President Obama’s ambitious FDA budget request for fiscal year 2016 features an increase in budget authority of more than $109 million for activities implementing the Food Safety Modernization Act.
The agency received an additional $27.5 million for FSMA implementation in FY2015, despite the very difficult budget climate in Washington, D.C., so there is at least a precedent for a significant increase even while lawmakers hunt for ways to trim budgets elsewhere.
FDA says the additional budget authority will allow the agency to “implement fundamental requirements for domestic food and feed safety; acquire the technical staffing needed to support the law, including the training of new inspectors; provide the appropriate guidance to industry about the changes the law will bring; strengthen the role of the states in helping to ensure the safety of the country’s food supply; and build and implement a new import safety system.”
Michael Taylor, FDA Deputy Commissioner for Foods and Veterinary Medicine, in a February 3 FDA Voice blog, said the agency is “at a critical juncture” as Congress considers the FSMA funding. He explains that a lot of work has to be done now to ensure that the FSMA rules are implemented in late 2016 and 2017. For example, the agency plans to deploy inspectors specialized in specific food commodities. This will involve retraining of more than 2,000 FDA inspectors, compliance officers and other staff involved in food safety activities, he said.
Funds are needed now for the agency to recruit additional experts to help develop guidance and to work with industry, academia, and state extension services to ensure that their concerns are heard, Taylor noted.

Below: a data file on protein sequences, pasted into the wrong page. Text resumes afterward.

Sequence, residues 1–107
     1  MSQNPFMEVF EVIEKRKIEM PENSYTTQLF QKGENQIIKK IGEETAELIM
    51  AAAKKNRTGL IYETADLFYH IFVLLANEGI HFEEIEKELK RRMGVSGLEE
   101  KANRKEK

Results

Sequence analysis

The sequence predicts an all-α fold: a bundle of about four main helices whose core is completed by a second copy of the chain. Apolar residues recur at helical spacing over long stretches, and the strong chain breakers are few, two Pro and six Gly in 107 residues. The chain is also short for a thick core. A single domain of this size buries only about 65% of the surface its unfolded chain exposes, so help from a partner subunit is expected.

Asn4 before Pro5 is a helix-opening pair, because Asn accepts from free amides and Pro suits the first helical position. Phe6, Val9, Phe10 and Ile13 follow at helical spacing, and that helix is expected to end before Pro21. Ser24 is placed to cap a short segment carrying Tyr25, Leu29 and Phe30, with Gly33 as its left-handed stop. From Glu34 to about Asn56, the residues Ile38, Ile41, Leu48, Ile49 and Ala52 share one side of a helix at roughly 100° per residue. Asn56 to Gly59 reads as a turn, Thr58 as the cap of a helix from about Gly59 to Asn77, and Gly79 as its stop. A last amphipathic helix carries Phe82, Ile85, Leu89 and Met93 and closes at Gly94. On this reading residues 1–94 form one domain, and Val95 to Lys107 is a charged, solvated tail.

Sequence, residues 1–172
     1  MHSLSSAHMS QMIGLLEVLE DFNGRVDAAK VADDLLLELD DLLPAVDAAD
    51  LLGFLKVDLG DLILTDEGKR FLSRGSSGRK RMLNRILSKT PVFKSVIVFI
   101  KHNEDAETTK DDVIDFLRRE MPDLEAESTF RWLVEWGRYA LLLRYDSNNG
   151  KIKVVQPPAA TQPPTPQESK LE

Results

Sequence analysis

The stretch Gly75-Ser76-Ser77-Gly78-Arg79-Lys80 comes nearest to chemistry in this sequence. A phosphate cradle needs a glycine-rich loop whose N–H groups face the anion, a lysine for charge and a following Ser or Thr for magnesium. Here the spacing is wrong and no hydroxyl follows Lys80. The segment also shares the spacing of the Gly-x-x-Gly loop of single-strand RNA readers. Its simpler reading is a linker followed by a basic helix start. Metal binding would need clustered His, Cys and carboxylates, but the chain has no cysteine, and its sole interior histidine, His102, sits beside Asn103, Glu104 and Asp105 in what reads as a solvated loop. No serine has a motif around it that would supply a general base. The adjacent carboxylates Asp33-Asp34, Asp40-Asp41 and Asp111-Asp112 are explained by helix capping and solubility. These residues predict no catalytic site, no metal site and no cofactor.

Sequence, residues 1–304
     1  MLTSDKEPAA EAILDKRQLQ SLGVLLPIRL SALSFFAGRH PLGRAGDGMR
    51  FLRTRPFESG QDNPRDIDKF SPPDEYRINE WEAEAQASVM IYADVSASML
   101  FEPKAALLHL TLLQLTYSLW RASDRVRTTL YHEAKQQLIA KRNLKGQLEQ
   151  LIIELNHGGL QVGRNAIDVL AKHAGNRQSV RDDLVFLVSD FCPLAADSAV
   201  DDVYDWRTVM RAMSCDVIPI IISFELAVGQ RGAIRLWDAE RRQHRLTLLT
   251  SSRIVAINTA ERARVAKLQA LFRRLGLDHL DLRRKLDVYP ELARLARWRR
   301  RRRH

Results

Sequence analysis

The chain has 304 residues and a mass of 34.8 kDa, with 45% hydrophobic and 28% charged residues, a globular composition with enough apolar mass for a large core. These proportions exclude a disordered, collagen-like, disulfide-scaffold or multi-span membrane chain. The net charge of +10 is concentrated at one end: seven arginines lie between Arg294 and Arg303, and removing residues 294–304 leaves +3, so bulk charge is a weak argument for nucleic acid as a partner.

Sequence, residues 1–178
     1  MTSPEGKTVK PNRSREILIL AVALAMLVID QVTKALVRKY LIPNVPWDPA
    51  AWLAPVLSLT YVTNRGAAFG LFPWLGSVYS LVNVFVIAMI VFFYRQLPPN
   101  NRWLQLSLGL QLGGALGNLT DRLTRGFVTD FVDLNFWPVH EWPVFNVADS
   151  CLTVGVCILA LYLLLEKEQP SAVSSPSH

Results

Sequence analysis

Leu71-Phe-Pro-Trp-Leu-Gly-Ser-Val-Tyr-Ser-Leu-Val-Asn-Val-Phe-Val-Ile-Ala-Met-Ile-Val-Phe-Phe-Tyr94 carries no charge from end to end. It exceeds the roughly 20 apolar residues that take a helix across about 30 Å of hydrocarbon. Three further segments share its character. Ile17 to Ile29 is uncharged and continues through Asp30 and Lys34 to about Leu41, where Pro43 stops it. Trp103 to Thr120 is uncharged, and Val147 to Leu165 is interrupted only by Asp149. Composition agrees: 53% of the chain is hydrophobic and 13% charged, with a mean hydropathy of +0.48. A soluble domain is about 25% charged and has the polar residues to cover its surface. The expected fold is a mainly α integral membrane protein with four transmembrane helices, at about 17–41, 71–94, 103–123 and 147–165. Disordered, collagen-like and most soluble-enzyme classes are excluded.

The agency plans to provide funding to state agencies and public-private-academic collaborative entities, such as the Produce Safety Alliance and the Preventive Controls Alliance. It has also joined with USDA’s National Institute of Food and Agriculture in providing grants to support food safety training for small, sustainable and organic farm owners and food processors, Taylor said.
The agency plans to provide funds to states for inspector training and to boost information sharing capacity. In addition, it needs to build state partnerships and capacity to provide education and technical assistance to growers, for the produce safety rule.
For imports, the Foreign Supplier Verification Program (FSVP) presents “an enormous challenge for both FDA and food importers,” Taylor said. The program will require an increase in staff and the training of more than 400 investigative and compliance staff within the agency. It will also require extensive training and technical assistance for importers, he said.
“The bottom line is that without investment now, and sustained funding afterwards, there is the risk that the implementation of FSMA will be uneven or even delayed,” Taylor said.
This seems to me to be a fair assessment.
Posted in Foods, FSMA Perspective and tagged Stephen Sundlof.